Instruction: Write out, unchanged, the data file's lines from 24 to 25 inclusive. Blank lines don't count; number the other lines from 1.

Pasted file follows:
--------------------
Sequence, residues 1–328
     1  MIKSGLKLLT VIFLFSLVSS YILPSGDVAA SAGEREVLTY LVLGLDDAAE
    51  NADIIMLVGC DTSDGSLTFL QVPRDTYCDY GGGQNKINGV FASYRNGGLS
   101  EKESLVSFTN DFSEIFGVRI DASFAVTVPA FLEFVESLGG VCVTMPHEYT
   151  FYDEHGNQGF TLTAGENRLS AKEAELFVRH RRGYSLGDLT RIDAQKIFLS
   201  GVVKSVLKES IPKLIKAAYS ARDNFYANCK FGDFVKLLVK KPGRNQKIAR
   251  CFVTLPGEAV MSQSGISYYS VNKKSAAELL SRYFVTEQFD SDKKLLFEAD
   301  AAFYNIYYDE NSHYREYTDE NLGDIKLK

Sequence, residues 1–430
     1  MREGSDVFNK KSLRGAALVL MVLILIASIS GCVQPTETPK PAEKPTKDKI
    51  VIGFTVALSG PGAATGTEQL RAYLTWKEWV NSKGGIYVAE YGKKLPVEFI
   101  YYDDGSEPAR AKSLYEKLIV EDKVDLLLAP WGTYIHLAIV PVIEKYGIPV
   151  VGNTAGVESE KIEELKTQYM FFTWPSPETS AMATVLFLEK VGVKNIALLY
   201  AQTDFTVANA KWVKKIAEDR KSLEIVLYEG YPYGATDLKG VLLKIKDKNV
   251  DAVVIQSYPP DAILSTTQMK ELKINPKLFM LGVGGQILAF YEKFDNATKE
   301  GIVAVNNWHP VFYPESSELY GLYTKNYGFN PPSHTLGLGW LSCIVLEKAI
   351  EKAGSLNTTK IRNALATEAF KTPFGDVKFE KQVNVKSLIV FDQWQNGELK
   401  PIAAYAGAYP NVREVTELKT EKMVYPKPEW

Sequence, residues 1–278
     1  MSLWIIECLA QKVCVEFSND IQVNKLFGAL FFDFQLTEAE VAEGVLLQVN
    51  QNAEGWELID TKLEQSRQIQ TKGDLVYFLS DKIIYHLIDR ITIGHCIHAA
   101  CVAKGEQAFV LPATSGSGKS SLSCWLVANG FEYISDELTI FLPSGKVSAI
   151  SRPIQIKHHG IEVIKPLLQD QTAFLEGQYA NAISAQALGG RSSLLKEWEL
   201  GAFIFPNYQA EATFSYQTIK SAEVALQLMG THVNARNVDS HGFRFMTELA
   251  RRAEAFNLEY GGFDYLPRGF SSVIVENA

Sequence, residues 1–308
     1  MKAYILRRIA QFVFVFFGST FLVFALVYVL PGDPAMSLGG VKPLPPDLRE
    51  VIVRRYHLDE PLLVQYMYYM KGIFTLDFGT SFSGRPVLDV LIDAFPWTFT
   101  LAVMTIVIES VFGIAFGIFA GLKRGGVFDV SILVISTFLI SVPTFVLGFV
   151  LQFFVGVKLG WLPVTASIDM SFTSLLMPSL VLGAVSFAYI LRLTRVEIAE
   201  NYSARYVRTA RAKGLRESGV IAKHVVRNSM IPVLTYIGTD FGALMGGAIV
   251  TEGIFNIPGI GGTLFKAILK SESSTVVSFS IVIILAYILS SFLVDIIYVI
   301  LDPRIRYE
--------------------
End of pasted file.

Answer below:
   201  GAFIFPNYQA EATFSYQTIK SAEVALQLMG THVNARNVDS HGFRFMTELA
   251  RRAEAFNLEY GGFDYLPRGF SSVIVENA